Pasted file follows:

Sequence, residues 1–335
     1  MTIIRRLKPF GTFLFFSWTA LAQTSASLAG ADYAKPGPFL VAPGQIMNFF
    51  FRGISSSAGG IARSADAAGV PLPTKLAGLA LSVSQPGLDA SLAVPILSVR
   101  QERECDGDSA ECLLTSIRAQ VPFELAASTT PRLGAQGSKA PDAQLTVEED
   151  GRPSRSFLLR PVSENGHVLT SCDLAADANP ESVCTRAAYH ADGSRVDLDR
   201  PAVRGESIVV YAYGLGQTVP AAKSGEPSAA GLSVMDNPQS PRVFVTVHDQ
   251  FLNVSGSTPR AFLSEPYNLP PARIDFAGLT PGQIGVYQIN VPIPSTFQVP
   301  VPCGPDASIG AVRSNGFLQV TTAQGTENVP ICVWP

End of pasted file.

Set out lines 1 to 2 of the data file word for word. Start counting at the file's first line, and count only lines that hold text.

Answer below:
Sequence, residues 1–335
     1  MTIIRRLKPF GTFLFFSWTA LAQTSASLAG ADYAKPGPFL VAPGQIMNFF